Cattle Steakhouse in Southampton loses its licence after breaking Covid rules
A restaurant has been stripped of its licence following a breach of Covid-19 regulations.
Cattle Steakhouse at Hanover Buildings in Southampton has had its licence revoked after people were found drinking at the site on January 24, while the country was in lockdown.
Police bosses asked for the licence to be suspended for three months.
But licensing bosses in Southampton said revoking the licence was the ‘only proportionate response’.
It comes as it was revealed that those at the venue were not socially distanced and none of them was wearing face masks.
It was also revealed that some of those at the site left through the back door as soon as police arrived.
Supervisor Nazim Ahmed apologised for the incident and said he ‘got carried away’.
He said that managers had always worked with the police and licensing bosses.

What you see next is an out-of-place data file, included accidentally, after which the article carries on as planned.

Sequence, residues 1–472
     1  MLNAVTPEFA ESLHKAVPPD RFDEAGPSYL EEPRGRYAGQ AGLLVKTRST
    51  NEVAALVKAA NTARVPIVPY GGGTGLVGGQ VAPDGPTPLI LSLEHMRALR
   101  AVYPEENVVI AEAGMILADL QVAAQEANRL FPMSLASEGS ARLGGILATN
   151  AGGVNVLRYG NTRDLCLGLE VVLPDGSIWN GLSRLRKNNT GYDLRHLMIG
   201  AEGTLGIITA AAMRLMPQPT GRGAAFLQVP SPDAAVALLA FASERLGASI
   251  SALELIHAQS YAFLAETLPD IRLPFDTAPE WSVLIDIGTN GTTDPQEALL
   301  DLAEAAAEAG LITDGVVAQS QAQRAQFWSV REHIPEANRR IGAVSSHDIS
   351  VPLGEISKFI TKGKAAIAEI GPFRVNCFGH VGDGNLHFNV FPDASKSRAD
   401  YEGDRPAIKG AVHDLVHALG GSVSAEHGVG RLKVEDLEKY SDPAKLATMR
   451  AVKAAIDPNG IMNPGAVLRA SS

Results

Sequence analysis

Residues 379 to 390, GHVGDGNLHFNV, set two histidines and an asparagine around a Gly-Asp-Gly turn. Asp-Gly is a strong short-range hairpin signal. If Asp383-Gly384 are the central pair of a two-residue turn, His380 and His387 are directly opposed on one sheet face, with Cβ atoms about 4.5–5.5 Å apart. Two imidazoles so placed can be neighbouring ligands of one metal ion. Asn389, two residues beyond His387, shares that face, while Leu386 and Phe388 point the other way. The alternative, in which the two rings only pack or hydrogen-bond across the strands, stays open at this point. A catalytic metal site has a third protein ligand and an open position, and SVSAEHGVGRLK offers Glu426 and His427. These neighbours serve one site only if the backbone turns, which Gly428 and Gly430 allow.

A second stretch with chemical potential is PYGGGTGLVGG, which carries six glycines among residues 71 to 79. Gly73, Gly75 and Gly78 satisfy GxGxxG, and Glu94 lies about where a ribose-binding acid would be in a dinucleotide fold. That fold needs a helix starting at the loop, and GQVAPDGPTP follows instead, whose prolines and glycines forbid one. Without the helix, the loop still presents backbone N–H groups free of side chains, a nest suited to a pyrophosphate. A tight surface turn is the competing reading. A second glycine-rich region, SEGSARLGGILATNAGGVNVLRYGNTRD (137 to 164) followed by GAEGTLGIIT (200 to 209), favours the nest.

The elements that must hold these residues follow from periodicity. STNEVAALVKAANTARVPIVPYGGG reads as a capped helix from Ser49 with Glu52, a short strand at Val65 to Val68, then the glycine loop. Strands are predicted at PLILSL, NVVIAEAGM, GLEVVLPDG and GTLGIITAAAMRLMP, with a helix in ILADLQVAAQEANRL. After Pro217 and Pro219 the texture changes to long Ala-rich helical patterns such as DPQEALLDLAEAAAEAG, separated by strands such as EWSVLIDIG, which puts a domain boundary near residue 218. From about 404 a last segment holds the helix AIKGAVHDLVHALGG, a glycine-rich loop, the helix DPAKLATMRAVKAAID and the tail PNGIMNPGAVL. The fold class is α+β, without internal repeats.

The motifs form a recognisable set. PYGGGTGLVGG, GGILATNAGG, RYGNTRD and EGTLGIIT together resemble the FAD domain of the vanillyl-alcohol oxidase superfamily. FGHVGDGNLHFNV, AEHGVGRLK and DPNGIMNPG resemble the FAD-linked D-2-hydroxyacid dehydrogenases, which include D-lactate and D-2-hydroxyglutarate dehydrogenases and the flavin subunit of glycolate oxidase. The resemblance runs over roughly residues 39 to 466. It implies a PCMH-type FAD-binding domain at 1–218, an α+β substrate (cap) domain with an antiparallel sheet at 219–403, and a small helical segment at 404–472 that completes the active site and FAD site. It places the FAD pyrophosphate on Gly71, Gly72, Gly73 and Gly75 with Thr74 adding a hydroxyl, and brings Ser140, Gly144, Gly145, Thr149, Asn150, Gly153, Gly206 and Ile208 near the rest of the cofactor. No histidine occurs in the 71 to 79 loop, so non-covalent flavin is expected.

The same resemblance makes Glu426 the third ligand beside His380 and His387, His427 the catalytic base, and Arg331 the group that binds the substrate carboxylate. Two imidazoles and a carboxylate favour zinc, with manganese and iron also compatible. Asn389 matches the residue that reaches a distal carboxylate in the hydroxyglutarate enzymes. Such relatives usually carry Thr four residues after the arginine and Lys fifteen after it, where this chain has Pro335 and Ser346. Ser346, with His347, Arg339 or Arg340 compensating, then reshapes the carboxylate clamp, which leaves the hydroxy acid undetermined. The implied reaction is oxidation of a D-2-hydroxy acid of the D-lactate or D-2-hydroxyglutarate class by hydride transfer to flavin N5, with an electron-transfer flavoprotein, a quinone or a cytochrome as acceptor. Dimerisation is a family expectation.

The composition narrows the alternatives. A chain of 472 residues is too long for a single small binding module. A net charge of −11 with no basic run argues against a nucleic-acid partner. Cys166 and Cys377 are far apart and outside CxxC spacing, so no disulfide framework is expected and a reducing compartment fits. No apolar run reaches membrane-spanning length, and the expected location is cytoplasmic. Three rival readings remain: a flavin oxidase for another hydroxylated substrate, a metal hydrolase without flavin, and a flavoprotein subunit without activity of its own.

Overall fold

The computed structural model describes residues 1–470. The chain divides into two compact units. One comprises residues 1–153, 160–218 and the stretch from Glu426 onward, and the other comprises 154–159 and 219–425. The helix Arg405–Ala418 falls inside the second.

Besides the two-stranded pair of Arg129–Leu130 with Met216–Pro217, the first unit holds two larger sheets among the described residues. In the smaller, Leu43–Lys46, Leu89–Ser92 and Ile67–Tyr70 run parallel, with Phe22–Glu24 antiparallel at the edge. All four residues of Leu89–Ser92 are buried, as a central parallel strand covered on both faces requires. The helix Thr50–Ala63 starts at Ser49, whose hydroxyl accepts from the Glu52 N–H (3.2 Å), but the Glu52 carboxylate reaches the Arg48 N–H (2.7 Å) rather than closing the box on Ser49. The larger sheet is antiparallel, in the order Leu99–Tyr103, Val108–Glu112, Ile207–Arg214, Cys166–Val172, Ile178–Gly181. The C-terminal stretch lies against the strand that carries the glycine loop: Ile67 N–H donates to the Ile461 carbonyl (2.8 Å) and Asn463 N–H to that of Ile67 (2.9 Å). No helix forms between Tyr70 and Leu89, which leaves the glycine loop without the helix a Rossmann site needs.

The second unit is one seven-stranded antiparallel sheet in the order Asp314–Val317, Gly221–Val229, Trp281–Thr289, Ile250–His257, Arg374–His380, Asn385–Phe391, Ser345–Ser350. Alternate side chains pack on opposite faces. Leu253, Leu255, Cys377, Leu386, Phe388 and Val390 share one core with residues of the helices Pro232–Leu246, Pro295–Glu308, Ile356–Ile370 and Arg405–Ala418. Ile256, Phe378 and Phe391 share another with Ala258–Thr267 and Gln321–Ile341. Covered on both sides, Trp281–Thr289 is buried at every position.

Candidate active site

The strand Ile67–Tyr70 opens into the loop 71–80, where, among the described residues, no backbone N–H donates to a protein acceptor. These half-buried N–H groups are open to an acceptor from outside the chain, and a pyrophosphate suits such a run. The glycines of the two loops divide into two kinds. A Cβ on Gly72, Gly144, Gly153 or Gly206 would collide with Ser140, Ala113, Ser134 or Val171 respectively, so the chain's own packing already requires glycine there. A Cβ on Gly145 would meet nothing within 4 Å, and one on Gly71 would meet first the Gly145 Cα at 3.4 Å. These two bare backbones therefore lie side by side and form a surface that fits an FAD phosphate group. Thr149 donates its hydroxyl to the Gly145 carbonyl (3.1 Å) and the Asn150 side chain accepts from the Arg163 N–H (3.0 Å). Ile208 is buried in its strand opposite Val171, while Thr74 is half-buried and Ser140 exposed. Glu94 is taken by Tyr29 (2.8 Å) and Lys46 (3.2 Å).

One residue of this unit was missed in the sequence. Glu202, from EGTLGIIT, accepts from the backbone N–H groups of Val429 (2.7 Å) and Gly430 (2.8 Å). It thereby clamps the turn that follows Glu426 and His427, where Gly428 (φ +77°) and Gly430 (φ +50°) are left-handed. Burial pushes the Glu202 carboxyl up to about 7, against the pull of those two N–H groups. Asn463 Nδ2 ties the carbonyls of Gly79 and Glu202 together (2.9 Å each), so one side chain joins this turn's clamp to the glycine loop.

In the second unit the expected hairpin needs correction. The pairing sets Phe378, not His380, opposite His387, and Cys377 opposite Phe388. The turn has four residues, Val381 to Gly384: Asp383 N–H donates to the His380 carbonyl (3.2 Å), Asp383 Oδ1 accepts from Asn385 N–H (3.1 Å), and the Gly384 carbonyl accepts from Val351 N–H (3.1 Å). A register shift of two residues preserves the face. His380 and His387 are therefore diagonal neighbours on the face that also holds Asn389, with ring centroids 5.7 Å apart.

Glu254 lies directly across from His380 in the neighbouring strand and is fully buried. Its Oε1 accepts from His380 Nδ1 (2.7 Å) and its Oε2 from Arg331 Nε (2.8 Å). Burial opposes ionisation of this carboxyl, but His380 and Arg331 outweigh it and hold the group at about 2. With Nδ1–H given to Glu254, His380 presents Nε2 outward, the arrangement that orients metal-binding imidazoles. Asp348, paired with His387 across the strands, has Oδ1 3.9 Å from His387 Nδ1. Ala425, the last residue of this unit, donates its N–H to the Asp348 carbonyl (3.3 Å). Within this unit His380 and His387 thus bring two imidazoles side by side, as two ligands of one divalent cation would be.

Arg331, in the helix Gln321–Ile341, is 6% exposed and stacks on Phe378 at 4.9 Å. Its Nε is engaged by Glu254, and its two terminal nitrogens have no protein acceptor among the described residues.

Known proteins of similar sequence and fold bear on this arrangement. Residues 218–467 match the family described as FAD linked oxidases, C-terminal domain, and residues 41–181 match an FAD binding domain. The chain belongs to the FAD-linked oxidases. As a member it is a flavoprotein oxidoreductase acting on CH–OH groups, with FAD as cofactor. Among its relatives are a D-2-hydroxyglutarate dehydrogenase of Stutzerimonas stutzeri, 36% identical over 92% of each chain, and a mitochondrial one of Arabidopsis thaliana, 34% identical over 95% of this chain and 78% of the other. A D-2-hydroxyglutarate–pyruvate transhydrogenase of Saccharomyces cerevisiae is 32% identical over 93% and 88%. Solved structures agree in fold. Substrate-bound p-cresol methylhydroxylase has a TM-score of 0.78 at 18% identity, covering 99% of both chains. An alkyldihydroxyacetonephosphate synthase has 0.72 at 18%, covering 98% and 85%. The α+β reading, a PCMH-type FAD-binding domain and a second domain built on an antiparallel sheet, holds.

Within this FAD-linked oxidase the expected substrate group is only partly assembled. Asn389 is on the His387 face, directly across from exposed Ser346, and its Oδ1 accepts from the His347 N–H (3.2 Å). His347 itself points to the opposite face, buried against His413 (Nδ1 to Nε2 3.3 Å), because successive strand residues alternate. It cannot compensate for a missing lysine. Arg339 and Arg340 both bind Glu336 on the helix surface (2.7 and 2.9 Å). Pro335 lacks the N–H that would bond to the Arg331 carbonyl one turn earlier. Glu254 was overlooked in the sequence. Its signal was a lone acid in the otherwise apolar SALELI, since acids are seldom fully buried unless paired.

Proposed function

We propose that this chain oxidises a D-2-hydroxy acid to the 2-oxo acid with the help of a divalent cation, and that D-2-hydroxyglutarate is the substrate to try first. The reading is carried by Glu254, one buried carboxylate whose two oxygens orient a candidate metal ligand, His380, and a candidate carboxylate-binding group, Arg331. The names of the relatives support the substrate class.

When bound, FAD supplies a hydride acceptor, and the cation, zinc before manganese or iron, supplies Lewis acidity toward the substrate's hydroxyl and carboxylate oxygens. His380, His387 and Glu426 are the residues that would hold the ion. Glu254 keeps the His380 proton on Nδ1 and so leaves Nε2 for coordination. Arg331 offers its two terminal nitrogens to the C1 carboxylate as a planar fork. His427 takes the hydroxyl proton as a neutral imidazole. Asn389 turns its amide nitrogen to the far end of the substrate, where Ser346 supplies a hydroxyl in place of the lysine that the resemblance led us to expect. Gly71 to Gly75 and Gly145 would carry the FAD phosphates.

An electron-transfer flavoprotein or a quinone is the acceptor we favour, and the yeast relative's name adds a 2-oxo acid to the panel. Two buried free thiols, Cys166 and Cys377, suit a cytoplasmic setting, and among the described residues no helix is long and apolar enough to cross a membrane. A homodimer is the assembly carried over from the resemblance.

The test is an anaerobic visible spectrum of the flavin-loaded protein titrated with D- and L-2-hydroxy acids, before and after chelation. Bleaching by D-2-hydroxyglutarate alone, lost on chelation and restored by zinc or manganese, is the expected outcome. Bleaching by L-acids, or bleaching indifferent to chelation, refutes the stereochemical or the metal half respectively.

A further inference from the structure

The committee was told that on January 24 staff were at the site as they were working on a new menu.
Mr Ahmed previously said that those at the site were regular customers who had walked in to order food to take away.
Speaking at the meeting of the licensing sub-committee at the city council, PC Mark Hawley from Hampshire Constabulary said: ‘Customers were not allowed to consume food or any drink within a premise. This has clearly gone on, this has clearly happened with full knowledge of the owner and DPS. All that Cattle Steakhouse has succeeded in is undoubtedly spread this terrible disease everywhere through the lack of control or respect for law. I only hope that no-one has become seriously ill.’
Mr Ahmed said: ‘That was my fault and I admit that. I got carried away with everything I was doing with the food tasting and I really wanted people’s opinion. These guys are customers that come in and buy food from us all the time.’
He said there was no alcohol being sold.
Cllr Catherine McEwing, chair of the sub-committee, said: ‘Mr Ahmed failed in his duty and responsibilities. The sub-committee came to the conclusion that revoking a licence is the only proportionate response to promote the licensing objectives of the prevention of crime and disorder and public safety.’